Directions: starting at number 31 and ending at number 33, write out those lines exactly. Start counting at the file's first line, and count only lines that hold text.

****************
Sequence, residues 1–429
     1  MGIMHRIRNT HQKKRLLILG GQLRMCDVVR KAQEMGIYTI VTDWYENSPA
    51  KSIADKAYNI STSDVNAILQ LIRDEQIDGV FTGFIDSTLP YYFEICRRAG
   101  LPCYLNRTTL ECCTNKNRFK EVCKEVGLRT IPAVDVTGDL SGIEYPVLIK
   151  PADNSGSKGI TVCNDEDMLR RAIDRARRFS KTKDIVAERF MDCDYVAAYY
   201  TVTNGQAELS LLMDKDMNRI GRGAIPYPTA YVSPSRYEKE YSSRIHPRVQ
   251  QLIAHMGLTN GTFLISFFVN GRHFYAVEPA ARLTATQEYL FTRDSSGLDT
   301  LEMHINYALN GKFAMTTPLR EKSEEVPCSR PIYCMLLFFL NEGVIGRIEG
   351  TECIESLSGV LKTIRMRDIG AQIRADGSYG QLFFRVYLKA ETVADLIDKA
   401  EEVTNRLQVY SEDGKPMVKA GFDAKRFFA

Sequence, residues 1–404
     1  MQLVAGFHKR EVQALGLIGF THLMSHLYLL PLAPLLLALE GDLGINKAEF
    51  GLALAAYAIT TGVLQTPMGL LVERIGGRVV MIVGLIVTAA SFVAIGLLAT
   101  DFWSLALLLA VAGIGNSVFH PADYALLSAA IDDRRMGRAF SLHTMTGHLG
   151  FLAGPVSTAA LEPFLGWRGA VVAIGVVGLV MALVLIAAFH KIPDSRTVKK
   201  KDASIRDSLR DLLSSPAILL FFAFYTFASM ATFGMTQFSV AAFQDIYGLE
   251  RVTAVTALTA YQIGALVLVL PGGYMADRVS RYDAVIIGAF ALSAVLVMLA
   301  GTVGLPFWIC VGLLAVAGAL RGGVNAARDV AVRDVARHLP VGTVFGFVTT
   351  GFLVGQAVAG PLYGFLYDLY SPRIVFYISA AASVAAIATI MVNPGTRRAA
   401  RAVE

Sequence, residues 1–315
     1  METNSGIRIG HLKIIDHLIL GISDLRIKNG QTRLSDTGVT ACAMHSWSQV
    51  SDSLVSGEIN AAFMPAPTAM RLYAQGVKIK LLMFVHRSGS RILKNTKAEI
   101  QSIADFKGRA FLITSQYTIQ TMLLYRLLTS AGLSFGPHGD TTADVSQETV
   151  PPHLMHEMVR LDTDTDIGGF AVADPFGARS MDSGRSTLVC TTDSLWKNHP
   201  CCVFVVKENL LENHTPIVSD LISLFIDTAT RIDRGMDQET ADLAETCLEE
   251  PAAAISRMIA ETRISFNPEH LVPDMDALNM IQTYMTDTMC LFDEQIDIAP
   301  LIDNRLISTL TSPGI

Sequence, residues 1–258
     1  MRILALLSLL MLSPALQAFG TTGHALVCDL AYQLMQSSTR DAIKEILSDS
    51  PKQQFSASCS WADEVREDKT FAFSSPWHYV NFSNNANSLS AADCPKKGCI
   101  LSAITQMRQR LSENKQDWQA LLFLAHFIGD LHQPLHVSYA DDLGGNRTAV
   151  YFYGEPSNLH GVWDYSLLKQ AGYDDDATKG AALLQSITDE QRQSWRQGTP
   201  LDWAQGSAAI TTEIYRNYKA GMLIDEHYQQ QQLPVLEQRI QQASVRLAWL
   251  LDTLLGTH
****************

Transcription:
    51  PKQQFSASCS WADEVREDKT FAFSSPWHYV NFSNNANSLS AADCPKKGCI
   101  LSAITQMRQR LSENKQDWQA LLFLAHFIGD LHQPLHVSYA DDLGGNRTAV
   151  YFYGEPSNLH GVWDYSLLKQ AGYDDDATKG AALLQSITDE QRQSWRQGTP